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How to build a secure and resilient website in 2024

Av Linus Ekström Lästid: 7 minuter

As digitalization keeps increasing in our society the amount of security threats keeps increasing. Having a secure site is important not only to keep hackers from accessing your data, but it's also important to keep the visitors safe. In this blog post we'll go through some important aspects that will keep your site secure.

You've probably heard about systems and sites getting hacked, and data breaches where lots of passwords are stolen. The trend is clear: digital attacks keep increasing and you need to step up your game to reduce the risk of being affected. There are many different attack vectors and aspects to consider, to name a few:

  • Trying to log in with existing accounts to steal data or to change content.
  • Injecting JavaScript to a site that can be used for automatically doing actions as a site visitor or system user.
  • Trying to take down the site with a Denial of Service Attack (DDOS).
  • Taking over the network to fool a visitors with changes to the site or even switching out an entire site with a fake copy.

Use a CDN and a WAF to guard against DDOS attacks

Usage of a CDN (Content Delivery Network) and a WAF (Web Application Firewall) can help to handle large amount of requests and to prevent malicious attacks such as DDOS attacks. A DDOS (Distributed Denial of Service) attack is when an attacker uses a bot network to create lots of traffic to a web site with the intention to overload the servers so that they stop responding to real users trying to access the site. A CDN (Content Delivery Network) is a globally distributed network with high capacity that sits in between the web servers that will offload a of of traffic from the web servers, since it can delivered cached versions of resources needed for the page, usually static resources such as images, JavaScript and CSS.

A WAF or web application firewall helps protect web applications by filtering and monitoring HTTP traffic between a web application and the Internet. It typically protects web applications from attacks such as cross-site forgery, cross-site-scripting (XSS), file inclusion, and SQL injection, among others.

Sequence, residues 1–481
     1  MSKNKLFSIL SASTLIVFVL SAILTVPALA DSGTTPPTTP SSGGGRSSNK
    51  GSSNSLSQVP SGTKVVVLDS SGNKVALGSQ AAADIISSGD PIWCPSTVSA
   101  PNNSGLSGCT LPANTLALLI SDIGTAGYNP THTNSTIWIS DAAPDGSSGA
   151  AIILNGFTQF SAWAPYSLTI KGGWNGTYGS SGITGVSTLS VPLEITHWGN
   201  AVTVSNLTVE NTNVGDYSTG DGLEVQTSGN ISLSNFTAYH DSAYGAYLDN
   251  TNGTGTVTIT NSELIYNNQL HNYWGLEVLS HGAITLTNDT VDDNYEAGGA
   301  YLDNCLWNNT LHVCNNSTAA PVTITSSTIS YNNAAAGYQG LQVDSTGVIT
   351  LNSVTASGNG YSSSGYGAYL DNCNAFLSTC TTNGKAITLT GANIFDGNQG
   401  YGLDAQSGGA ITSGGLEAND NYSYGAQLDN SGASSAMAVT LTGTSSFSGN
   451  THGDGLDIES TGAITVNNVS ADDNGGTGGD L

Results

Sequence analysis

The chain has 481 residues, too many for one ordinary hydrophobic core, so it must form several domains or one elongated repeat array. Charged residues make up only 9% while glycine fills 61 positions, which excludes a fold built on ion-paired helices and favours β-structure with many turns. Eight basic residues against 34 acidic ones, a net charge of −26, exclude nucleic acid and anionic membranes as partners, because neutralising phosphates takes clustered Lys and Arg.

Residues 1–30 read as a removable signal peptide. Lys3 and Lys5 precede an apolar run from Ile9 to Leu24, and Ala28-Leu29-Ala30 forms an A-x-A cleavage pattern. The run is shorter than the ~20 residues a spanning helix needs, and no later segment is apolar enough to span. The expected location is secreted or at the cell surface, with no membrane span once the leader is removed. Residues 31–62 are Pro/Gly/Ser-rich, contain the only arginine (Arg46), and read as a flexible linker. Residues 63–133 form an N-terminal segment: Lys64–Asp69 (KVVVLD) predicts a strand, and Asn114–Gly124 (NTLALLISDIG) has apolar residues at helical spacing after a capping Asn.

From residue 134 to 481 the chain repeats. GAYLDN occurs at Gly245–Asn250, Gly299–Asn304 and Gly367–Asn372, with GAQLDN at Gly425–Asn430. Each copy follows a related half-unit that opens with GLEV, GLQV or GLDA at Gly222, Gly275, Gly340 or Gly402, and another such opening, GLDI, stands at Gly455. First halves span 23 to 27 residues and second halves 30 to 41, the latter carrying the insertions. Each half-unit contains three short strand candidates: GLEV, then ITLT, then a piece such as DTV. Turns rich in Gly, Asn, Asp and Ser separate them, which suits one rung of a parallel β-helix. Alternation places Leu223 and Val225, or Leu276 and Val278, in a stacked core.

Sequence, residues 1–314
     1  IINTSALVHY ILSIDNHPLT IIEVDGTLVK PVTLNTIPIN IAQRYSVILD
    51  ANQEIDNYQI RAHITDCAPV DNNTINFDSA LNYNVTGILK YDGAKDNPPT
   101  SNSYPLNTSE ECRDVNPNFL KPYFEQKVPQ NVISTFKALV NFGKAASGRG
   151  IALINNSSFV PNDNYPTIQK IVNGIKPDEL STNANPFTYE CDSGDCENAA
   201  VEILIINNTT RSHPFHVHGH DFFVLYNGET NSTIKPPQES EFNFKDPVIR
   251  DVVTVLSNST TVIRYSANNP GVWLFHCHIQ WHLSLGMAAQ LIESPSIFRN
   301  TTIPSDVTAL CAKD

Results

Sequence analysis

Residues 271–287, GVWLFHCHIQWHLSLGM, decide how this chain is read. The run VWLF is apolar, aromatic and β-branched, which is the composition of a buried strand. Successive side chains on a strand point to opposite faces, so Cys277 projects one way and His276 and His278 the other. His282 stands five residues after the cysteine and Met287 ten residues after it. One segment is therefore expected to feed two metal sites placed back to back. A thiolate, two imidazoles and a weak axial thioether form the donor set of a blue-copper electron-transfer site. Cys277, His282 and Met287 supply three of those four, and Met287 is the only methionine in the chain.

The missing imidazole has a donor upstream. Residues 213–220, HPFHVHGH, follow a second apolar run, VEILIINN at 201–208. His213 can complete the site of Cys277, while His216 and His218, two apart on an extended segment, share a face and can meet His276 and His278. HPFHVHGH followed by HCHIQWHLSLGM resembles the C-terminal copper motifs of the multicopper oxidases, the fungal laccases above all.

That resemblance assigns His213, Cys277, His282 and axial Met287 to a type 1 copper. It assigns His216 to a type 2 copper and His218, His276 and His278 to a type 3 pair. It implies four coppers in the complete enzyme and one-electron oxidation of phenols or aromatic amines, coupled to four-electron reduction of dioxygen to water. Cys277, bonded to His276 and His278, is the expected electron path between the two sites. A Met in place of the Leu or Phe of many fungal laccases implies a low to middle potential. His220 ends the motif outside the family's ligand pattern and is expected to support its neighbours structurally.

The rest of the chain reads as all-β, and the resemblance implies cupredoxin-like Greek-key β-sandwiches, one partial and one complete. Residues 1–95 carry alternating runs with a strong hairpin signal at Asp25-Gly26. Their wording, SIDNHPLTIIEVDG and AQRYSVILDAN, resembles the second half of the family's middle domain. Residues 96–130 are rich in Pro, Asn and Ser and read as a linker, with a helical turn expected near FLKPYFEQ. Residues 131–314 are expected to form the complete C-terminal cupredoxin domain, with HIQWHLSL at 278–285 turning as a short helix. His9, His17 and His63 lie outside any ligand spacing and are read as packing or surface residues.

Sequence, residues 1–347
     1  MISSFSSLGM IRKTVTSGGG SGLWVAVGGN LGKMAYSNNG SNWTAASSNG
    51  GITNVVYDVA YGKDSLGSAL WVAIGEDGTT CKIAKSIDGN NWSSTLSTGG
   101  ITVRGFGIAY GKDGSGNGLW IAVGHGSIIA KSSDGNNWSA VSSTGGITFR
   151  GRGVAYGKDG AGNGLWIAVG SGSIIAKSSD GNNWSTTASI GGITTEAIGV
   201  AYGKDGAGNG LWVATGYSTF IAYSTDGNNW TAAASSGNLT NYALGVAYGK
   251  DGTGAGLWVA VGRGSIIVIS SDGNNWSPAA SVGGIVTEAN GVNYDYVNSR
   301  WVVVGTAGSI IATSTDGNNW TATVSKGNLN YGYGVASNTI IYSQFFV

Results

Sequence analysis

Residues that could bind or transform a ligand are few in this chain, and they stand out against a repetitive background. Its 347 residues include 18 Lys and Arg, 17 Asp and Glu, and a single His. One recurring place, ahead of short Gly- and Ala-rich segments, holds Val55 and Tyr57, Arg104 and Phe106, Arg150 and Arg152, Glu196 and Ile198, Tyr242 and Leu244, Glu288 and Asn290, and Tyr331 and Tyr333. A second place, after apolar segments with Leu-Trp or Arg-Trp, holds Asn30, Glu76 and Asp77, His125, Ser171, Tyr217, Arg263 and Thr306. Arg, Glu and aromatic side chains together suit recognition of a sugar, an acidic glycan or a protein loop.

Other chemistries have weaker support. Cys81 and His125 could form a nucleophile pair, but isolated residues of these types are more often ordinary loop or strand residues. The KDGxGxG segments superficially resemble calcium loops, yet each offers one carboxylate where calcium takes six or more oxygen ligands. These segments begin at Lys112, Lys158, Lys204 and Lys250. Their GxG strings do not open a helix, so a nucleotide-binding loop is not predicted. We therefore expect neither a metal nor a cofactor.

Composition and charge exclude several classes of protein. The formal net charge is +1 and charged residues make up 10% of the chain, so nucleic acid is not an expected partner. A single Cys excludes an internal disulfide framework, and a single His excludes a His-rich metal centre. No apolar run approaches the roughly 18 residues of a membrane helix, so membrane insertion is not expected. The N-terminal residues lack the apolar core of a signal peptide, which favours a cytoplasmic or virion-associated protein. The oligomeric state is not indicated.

Keeping your dependencies up to date 

A modern web site is built on top of lots of dependencies, usually delivered in something called “packages”. Even a platform like Optimizely releases its software in packages where some packages get updated every month, while others stay pretty stable. If a security issue is found it’s usually fixed and released in a new package version. However, unless you upgrade your packages as they get released, a potentially disclosed vulnerability might then be available on your solution and ready to be exploited by hackers. 

a scetch of how a Modern digital infrastructure can look like

An illustration of a modern digital infrastructure with potential vulnerabilities. Image from https://xkcd.com/2347/

Use an updated secure layer of transport 

You’ve probably heard the term SSL, or perhaps HTTPS which is kind of standard today after Google Chrome forced sites to use this to not be labeled as “not secure” in 2018. HTTPS is the implementation of TLS encryption (https://www.cloudflare.com/learning/ssl/transport-layer-security-tls/) on top of HTTP that prevents so called “man in the middle” attacks where someone can tap the network and alter the content sent over the internet. 

TLS comes in different versions, ranging from 1.0 to the latest 1.3 which has further enhancements. Versions 1.0 and 1.1 are no longer supported in Chrome. 


HSTS, or HTTP Strict-Transport-Security, informs the browser that any future attempts to access the site should be made using HTTPS. Mozilla has a good explanation of why this is important: